(We know these people are not open to reason!)

    I waited for a repetition of the “Jesus saves” cry, and standing next a crowd at the back who were wearing football shirts, said, “And [insert name of the striker of the local football team] scores on the rebound! The crowd burst into laughter and the preacher who was too far away to hear my comment, thought they were laughing at him – and antagonised the crowd by berating them!

    Other comments such, “Jesus saves” –
    “Must be with the Halifax trying to get a little extra!” can also destroy the composure of a fool who is taking himself seriously, when spectators laugh!

    Treat these “street entertainers”, as the superficial clowns they are!



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  • I am extremely hard to offend. I do not care about public praying, breastfeeding, breakdancing, nudity, sex, vulgarity, drunkenness, music, rituals, or really anything else. These things have to be pretty loud, bold, and brazen to get me irritated. I am much more irritated with someone driving 20 MPH under the speed limit in the passing lane than I would ever be with any of the things I just mentioned.

    Having said that, I still am a huge proponent of “keep your shit to yourself — and shut the fuck up about your beliefs”…. Would anyone be offended if I sat and meditated for a half hour, say, in Central Park? No? Then go ahead pray. Pray, do that internal monologue and mistake the voice in your head for god. Pray, as if it affects anything at all outside your own head. But, if it brings you peace, have at it.

    It is when these pray-type folks all get together and decide to aim their bullshit at someone or something that needs to be reeled in. Don’t believe in abortion? Don’t have one. Gay marriage? don’t get married. Stem cell research? Do not get educated and become a research scientist (as if). But, do not think that your mental disorder (believing) has any more or less right than mine (not believing). Keep your shit private and personal and I will too. But, come to my door and knock and try to spread your disease? Fuck you.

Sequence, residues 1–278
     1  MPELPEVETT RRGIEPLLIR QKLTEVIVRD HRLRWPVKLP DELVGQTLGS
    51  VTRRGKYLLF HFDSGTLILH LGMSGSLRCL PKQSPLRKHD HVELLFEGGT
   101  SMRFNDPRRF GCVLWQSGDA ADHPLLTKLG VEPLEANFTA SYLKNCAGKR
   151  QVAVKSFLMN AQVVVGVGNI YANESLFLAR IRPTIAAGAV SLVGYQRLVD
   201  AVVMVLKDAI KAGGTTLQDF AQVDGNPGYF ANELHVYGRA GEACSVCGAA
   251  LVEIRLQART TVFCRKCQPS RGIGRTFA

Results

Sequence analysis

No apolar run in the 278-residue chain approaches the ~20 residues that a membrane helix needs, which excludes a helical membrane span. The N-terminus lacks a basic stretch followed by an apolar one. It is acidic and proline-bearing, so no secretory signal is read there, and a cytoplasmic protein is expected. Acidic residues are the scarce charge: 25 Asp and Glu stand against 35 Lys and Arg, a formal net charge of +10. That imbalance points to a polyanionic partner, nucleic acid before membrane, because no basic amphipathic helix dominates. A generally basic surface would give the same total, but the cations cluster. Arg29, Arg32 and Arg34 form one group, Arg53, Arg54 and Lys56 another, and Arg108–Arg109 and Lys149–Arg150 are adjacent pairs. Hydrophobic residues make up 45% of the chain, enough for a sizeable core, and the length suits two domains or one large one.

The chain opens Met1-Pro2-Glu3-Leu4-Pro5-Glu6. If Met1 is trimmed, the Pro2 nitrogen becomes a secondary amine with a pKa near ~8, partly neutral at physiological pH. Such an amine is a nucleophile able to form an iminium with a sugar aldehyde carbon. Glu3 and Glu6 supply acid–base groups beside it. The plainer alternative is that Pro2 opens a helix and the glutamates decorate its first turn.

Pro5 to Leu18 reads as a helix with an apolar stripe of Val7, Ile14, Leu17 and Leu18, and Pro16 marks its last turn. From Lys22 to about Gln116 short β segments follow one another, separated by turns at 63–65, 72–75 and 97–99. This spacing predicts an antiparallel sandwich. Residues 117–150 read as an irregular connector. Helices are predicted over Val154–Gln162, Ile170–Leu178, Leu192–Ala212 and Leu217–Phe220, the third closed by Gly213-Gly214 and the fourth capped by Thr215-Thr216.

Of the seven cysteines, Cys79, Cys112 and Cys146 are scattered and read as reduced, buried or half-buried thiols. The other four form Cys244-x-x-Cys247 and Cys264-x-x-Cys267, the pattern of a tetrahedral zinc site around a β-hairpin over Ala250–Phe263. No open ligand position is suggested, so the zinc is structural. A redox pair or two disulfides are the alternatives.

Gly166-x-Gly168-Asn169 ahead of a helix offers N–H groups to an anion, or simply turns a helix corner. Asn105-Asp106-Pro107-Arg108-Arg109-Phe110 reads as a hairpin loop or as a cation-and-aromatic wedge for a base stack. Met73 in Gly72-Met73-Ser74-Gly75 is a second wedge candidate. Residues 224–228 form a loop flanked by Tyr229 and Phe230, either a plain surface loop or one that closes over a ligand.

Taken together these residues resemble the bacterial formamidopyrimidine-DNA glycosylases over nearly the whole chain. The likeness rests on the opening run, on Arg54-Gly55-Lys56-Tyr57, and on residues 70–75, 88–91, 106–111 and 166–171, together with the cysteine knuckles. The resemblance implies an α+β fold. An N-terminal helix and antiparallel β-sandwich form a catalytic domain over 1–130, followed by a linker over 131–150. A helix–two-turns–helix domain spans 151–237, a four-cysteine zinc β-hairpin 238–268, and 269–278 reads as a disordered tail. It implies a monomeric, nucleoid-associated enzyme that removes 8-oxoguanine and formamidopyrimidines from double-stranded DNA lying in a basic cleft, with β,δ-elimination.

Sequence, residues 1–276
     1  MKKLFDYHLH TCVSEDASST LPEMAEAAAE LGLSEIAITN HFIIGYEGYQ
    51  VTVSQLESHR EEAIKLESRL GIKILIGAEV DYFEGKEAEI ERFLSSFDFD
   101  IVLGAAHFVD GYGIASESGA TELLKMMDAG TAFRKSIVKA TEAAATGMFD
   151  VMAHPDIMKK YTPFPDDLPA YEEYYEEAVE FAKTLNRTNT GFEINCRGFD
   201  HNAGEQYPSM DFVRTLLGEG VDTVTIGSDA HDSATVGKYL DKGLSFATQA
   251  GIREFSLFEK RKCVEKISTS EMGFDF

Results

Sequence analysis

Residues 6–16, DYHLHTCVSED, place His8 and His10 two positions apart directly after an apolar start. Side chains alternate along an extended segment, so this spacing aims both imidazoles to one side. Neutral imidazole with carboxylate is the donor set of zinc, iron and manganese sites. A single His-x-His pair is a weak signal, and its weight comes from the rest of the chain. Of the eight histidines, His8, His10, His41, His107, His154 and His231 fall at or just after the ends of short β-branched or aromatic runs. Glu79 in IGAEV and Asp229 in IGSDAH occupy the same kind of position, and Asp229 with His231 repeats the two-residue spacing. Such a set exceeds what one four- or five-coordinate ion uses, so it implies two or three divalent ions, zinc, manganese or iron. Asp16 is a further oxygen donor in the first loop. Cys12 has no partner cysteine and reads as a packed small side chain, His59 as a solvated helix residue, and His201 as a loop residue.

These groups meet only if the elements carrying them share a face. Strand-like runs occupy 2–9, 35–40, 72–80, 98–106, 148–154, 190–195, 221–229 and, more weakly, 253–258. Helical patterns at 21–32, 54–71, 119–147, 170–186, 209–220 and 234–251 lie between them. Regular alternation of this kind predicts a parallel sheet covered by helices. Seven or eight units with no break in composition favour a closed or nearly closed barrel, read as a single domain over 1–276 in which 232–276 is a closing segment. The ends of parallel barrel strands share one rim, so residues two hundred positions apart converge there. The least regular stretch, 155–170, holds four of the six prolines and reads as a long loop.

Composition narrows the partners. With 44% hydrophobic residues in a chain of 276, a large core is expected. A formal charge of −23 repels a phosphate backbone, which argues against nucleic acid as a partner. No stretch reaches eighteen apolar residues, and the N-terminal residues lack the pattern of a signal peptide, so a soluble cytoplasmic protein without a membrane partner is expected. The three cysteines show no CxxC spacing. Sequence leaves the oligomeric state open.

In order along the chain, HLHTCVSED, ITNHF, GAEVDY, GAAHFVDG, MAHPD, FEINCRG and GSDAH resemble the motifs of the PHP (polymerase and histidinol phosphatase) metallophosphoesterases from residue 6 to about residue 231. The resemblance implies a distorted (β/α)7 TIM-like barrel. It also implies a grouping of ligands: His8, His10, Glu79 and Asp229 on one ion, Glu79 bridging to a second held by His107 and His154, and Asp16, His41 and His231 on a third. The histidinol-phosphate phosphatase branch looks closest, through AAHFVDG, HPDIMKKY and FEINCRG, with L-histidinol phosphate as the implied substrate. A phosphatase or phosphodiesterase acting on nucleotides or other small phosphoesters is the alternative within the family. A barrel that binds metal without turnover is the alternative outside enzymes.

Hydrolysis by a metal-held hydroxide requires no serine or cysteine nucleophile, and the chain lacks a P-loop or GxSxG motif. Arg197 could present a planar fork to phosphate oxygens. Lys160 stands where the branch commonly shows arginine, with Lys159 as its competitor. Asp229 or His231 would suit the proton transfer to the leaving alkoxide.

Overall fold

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  • Alan @16 – “Jesus Saves, but Pearson nets the rebound” – was on a big banner seen on Wembley way, may 1976, was the author and creator of that banner the origin of the meme?

    Can’t say I’ve seen too many people praying in public, I do notice ancient torture apparatuses being displayed though – but some people just wear it as a piece of jewelry.



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  • 20
    Pinball1970 says:

    @17 bar getting some bagpipes (made me laugh bonnie thanks) law abiding citizens have to let them get on with it I suppose.
    In a public place where there are children? Case by case.
    @18 I am not like you crooked shoes, I have been sensitized to all this .
    Seeing it day after day, where there are kids walking around, annoys the hell out of me.
    Praying is not the worst thing they do buts it is reminder of the kind of stuff they do do, that is a lot worse.



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  • Apparently noisy calls to prayer 5 times a day are OK, but affectionate holding of hands or hugging is unacceptable!

    http://www.bbc.co.uk/news/world-africa-37539977

    A leading Nigerian actress has been banned from the Hausa-language film industry because of her “immoral” behaviour, the main industry body says.

    Rahma Sadau caused offence by “hugging and cuddling” pop star Classiq in a video, it added.

    The industry, commonly known as Kannywood, has been under fire from conservative Muslim clerics who accuse it of corrupting people’s values.

    They regard it as taboo for men and women to hold hands or kiss in public.

    Ms Sadau, who is said to be on a holiday in India, has not yet commented on the ban imposed by Motion Pictures Practitioners Association of Nigeria (Moppan).

    Its chairman, Muhammadu Kabiru Maikaba, told the BBC Hausa service that the ban was “total”.

    “This is not the first time that she has been doing these wayward things. We have been warning her, but she still went ahead to dent our image,” he said.

    The Kannywood star appeared in the video with Classiq, in a song entitled I Love You.

    In the video, the Nigerian pop star is seen hugging her.

    In a statement, Moppan said it hoped Ms Sadau’s expulsion would serve as a deterrent for other actors.

    Its code of conduct requires actors to avoid doing anything which violates Islamic and Hausa culture, reports the BBC’s Isa Sanusi from the capital, Abuja.

    Many people in northern Nigeria felt she had gone too far with Classiq in the music video, he adds.

    Classiq cannot be banned because he is not a member of Moppan.



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  • The title of the article focuses the issue on public prayer, but the thing that makes me the most uncomfortable is simply knowing that I’m living in the midst of many people who belong to a cult that worships human sacrifice.

    If I had children, and I killed one of them and invited my neighbors over to drink the blood and eat the body of one of them ( maybe because I felt my neighbors had wronged me and I wanted to set things right between us ), what would happen to me? Would people feel uncomfortable being around me? Attending my trial? Hearing the story on the news? I think so! It sounds utterly gross and barbaric when put in a human context. Just the thought turns my stomach.